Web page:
Technology marches on, and with it come different solutions to age-old problems. Back in the “good old days” we needed solutions that could grab video from a low-resolution device like a VHS tape player, but now things have changed. Many video devices over the past 15 years have used the High-Definition Multimedia Interface (HDMI) to transfer video to a display or other device, so capturing video over HDMI is a real need these days. StarTech’s new USB-C Capture Device for HDMI Video (US$259.99) is a very capable tool for capturing HDMI video to your Mac or PC.
The USB-C Capture Device is a small aluminum box measuring 3.6 x 2.4 x .9 inches (92 x 60 x 23mm), and weighing just 2.8 ounces (80g). On one end is an HDMI Out port, as well as a USB-B port into which an included USB-C to USB-B cable can be plugged for connection to a Mac. StarTech also includes a standard USB-A to USB-B cable for those cases where the device needs to be attached to a standard USB port. All cables are USB 3.0 compatible.
The other side of the box has HDMI In and Audio In ports. For most purposes, simply plugging the included HDMI cable into the device you want to use as your video source is sufficient for audio and video.
What kinds of video devices can you capture video from? StarTech lists three example applications:
Capture meetings, presentations or conference calls directly to your computer
Upload recorded videos or live broadcast your signal to any online video platform
Record training and tutorial videos from your laptop or game console
My DSLR has an HDMI port for viewing images on a screen, and uses a proprietary small HDMI to HDMI cable so I thought that would be a good test of the capabilities.
The StarTech device can capture a maximum resolution of 1920 x 1080 pixels at 60 frames per second — basically, 1080p, 60fps. Other supported resolutions include 1280 x 720, 1024 x 768 and 800 x 600.
StarTech doesn’t supply any Mac software for capturing the output from the USB-C Capture Device, instead suggesting “third party software that uses UVC compatible frameworks such as Quicktime.” For my review testing, I used QuickTime Player.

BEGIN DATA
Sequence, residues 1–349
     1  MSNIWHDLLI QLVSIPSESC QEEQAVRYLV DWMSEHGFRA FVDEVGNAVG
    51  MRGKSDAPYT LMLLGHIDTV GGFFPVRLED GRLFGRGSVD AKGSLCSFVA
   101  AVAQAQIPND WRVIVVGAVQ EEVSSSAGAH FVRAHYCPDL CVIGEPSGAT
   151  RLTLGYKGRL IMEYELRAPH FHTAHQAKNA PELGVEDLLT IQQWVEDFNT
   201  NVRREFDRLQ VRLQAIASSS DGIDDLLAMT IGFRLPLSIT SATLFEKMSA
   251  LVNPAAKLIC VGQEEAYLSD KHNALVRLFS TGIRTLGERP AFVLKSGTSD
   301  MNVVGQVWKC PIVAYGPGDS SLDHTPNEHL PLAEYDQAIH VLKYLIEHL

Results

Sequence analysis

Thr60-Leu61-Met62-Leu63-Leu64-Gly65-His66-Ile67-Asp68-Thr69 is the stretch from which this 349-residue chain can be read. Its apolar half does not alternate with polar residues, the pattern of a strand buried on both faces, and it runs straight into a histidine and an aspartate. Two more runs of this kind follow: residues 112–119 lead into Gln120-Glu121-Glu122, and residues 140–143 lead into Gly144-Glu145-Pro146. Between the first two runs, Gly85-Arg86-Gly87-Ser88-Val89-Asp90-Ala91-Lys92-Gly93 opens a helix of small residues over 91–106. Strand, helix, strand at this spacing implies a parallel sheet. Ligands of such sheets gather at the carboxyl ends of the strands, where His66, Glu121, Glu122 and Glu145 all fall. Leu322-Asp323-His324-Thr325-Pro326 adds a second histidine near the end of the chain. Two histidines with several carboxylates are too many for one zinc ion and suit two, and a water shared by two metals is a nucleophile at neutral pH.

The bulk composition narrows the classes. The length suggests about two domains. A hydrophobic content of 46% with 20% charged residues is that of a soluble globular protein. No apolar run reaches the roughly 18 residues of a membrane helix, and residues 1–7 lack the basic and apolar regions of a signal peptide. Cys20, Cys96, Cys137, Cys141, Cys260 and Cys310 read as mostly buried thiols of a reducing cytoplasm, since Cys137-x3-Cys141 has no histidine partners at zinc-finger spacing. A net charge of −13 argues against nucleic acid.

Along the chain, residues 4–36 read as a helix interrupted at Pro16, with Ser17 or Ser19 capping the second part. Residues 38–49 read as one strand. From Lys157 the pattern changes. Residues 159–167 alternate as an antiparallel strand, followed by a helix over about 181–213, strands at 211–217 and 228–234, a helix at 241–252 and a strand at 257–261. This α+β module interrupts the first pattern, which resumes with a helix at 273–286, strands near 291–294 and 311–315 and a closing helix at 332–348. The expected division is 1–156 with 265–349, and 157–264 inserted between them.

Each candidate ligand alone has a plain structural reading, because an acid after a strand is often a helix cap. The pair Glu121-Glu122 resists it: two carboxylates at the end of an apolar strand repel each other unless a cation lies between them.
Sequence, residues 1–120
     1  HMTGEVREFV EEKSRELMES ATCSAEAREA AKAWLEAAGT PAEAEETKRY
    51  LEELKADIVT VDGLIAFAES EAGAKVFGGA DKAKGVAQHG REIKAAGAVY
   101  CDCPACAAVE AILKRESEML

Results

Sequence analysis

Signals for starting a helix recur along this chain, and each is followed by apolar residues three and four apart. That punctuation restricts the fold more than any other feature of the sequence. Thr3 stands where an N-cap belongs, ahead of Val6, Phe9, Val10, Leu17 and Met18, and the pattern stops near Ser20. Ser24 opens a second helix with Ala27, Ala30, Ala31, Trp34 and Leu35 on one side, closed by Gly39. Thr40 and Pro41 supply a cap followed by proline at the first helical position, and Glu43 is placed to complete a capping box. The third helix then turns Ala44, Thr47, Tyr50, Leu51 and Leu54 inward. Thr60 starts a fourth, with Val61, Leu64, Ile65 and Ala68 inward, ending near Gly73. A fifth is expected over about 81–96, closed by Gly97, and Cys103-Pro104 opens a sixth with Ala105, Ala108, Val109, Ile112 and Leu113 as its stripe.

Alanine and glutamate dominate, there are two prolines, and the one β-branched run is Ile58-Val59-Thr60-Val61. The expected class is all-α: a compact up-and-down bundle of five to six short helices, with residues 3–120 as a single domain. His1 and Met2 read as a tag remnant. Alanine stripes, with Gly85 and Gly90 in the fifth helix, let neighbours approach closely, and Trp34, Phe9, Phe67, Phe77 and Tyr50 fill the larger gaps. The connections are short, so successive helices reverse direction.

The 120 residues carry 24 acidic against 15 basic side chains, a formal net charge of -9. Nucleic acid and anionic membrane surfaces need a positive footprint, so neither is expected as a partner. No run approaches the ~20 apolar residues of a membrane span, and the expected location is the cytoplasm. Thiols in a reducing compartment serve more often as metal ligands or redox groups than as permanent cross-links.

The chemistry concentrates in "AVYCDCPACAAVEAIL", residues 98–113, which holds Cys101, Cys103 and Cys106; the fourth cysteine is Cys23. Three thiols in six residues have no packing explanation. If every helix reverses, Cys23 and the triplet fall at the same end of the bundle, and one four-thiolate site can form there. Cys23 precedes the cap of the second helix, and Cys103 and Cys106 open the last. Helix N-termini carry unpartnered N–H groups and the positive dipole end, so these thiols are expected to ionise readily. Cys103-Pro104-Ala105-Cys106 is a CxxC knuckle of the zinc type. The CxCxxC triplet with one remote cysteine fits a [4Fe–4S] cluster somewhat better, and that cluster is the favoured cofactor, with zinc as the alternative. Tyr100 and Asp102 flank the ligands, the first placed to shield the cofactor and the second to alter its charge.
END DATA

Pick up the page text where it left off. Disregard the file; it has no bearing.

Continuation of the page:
With my MacBook Pro with Touch Bar as the USB-C device, a large HDTV as my “output” and the DSLR as input, I hooked up the cables. The USB-C to USB-B cable went from the StarTech box to the MacBook Pro, with a standard HDMI cable connecting the box and the HDTV. On the input end, I ran the small HDMI to standard HDMI cable.
There’s an optional UVC utility that can be downloaded for free from StarTech’s website. It allows device hardware parameters like the audio and video input sources and Data Transfer Pipe to be configured. I downloaded it and made some changes to the audio input, allowing it to use HDMI+Mic to grab both audio from video files on my camera and my voice as a narration.
Firing up QuickTime Player and selecting New Movie Recording, I was able to choose “UVCHDCAP” as the “camera” for recording. As I progressed through the images on my camera, I was able to see them in the QuickTime Player window and mirrored onto the HDTV screen. Pressing the Record button in QuickTime Player let me record the images and videos captured with the DSLR into a 1080p file on the MacBook Pro.
There were devices that didn’t seem to work with the USB-C Capture Device, and my guess is that it’s due to digital rights management restrictions. The device doesn’t capture HDCP protected content, which is probably why things like a satellite TV feed and the Apple TV 4K didn’t work with the Capture Device.
With no need for a separate power cable and following USB Video Class (UVC) standard, the device is automatically recognized by the Mac as a “camera” that can be recorded with QuickTime Player or any other app that allows camera input. StarTech’s design is compact and durable, and this Capture Device can go anywhere your MacBook Pro desires. While the price seems a little high, those who have a recognized need to capture video via HDMI into a USB-C based Mac will like the ease of use and quality of output.